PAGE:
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Journal of General Internal Medicine

, Volume 34, Issue 11, pp 2580–2580 | Cite as

Capsule Commentary on O’Conor et al., Perceived Adequacy of Tangible Social Support and Associations with Health Outcomes Among Older Primary Care Patients

  • Carla PerissinottoEmail author
Capsule Commentary
  • 136 Downloads

In 2014, the Institute of Medicine1 stated that it is imperative for health systems to include information on social and behavioral health in electronic medical records. In this issue, the article by O’Conor et al.2 highlights the importance of social and behavioral factors, focusing on the perceived adequacy of tangible support. They found that 1 in 6 community-dwelling older adults report unmet support needs that in turn are associated with greater urgent health care use and worse health status. This should alarm all of us working in health care and public health as we may be missing opportunities to impact large numbers of patients. Social health is health and as clinicians we need to understand this.

Solely increasing support and/or connecting individuals to programs may not be sufficient, as it is perceived support that also matters. There is a growing literature that shows that social frailty, social isolation, and other unmet needs affect health care outcomes and costs.3, 4, 5, 6 What is termed perceived social support in this article may be closely aligned to the terms loneliness (the gap between perceived and actual relationships) and social isolation (a quantifiable number of relationships). Regardless of what we call it, having adequate social support whether real or perceived has health care implications.7 Next, we need to move from empiric evidence of the existence and impact of the problem to interventions and policy changes to help our patients who have inadequate social support. At the least, we should begin asking about social support. O’Conor’s 2-item question is a good candidate and given its brevity could be feasibly implemented into medical record workflows.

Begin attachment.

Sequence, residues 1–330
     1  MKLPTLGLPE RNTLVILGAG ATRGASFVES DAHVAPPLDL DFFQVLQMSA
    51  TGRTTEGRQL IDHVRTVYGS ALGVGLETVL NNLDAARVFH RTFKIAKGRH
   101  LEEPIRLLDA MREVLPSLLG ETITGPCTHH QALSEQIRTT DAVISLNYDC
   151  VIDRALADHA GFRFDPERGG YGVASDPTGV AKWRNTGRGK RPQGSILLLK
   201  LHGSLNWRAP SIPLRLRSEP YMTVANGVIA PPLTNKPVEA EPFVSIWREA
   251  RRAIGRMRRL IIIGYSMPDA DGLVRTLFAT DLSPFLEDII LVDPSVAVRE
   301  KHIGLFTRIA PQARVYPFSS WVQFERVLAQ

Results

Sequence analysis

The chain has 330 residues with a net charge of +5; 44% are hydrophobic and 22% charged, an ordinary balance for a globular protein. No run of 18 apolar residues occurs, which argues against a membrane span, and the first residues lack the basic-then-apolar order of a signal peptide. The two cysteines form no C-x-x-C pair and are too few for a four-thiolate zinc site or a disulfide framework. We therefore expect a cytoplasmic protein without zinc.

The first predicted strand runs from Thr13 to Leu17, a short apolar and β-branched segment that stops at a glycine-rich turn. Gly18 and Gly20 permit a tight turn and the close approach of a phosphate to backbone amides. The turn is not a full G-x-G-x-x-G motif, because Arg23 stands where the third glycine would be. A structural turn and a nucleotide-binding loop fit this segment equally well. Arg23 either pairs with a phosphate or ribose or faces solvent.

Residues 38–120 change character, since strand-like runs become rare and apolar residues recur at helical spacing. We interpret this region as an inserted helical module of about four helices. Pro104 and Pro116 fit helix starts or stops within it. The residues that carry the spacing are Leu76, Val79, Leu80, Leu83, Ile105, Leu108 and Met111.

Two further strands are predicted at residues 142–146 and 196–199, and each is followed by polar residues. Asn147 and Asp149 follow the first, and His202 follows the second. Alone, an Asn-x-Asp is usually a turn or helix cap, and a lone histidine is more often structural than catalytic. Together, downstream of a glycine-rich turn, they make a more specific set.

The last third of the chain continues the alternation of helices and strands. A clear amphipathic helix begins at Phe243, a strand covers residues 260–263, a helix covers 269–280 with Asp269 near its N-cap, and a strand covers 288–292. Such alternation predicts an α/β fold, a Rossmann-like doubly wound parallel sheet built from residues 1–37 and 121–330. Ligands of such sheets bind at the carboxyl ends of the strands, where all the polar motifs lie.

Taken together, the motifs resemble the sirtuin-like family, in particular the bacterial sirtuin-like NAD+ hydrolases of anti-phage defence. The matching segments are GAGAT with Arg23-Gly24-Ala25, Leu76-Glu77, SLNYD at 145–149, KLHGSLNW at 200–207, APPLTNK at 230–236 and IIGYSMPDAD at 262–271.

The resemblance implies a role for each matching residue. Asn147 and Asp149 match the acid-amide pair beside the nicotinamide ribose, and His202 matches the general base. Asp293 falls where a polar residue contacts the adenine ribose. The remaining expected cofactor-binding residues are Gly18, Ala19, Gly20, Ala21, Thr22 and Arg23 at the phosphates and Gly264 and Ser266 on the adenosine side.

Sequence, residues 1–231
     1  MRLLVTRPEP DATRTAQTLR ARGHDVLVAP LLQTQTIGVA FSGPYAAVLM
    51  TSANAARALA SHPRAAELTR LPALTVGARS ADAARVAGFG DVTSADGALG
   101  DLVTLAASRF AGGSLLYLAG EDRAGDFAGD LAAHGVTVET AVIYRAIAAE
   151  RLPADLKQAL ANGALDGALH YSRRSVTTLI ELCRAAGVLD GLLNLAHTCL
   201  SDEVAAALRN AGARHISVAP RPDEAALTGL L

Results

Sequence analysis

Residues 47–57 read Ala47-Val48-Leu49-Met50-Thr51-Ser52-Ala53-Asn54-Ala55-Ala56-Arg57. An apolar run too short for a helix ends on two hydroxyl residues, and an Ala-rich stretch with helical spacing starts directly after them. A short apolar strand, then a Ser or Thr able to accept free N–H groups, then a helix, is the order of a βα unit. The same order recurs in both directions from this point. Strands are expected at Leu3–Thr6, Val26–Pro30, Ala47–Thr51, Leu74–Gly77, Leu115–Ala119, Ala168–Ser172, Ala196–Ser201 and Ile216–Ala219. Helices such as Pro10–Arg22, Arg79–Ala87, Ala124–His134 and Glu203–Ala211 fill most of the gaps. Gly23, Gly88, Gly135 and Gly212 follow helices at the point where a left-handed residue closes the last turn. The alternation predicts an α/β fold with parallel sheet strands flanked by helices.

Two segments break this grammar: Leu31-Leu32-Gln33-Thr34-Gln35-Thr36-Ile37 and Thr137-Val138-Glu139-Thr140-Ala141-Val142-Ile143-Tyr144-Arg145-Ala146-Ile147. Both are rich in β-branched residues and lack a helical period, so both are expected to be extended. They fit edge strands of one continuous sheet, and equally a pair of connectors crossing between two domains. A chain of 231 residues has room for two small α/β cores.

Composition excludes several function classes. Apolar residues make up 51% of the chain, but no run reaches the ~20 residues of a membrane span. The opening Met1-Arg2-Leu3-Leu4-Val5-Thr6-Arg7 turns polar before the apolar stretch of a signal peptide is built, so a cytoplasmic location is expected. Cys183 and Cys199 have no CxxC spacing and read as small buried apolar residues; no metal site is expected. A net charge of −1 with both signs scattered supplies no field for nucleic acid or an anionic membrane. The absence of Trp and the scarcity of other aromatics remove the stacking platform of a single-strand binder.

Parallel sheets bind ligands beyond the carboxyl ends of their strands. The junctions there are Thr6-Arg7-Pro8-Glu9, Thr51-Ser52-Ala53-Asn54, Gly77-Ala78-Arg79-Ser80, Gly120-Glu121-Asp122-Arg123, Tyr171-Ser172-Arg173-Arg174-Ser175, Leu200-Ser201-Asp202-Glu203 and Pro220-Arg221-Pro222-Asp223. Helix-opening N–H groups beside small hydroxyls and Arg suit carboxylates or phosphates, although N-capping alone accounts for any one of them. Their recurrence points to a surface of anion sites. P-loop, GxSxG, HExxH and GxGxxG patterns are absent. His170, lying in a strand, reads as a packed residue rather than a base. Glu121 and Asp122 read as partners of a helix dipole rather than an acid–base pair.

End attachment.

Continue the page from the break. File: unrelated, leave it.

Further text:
While we do not yet have all of the answers or know how to respond to this emerging health risk, there are other models in health care where we do not have a defined solution, yet this does not stop us from discussing and incorporating known risks into assessments and plans. Ultimately, we must move forward. One might even call this a humanitarian crisis. Let us look up from our devices, and single disease metrics and start helping ourselves and our neighbors.

Notes

Compliance with Ethical Standards

Conflict of Interest

The author declares that she does not have a conflict of interest.

References

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    IOM (Insitute of Medicine). Capturing Social and Behavioral Domains in Electronic Health Records: Phase 1. Washington, DC: The National Academies Press; 2014.Google Scholar
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    O’Conor R, Benayente JY, Arvanitis M, Curtis LM, Eldeirawi K, Hasnain-Wynia R, Federman AD, Hebert-Beirne J, Wolf MS. Perceived Adequacy of Tangible Social Support and Associations with Health Outcomes among Older Primary Care Patients. J Gen Intern Med. (2019).  https://doi.org/10.1007/s11606-019-05110-7.
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    Cacioppo JT, Hawkley LC, Norman GJ, Berntson GG. Social isolation. Ann N Y Acad Sci. 2011;1231:17–22.CrossRefGoogle Scholar
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    Penninkilampi R, Casey AN, Singh MF, Brodaty H. The Association between Social Engagement, Loneliness, and Risk of Dementia: A Systematic Review and Meta-Analysis. J Alzheimers Dis. 2018;66(4):1619–1633.CrossRefGoogle Scholar
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    Wolff JL, Nicholas LH, Willink A, Mulcahy J, Davis K, Kasper JD. Medicare Spending and the Adequacy of Support With Daily Activities in Community-Living Older Adults With Disability: An Observational Study. Ann Intern Med. 2019.Google Scholar

Copyright information

© Society of General Internal Medicine 2019

Authors and Affiliations

  1. 1.University of California, San FranciscoSan FranciscoUSA

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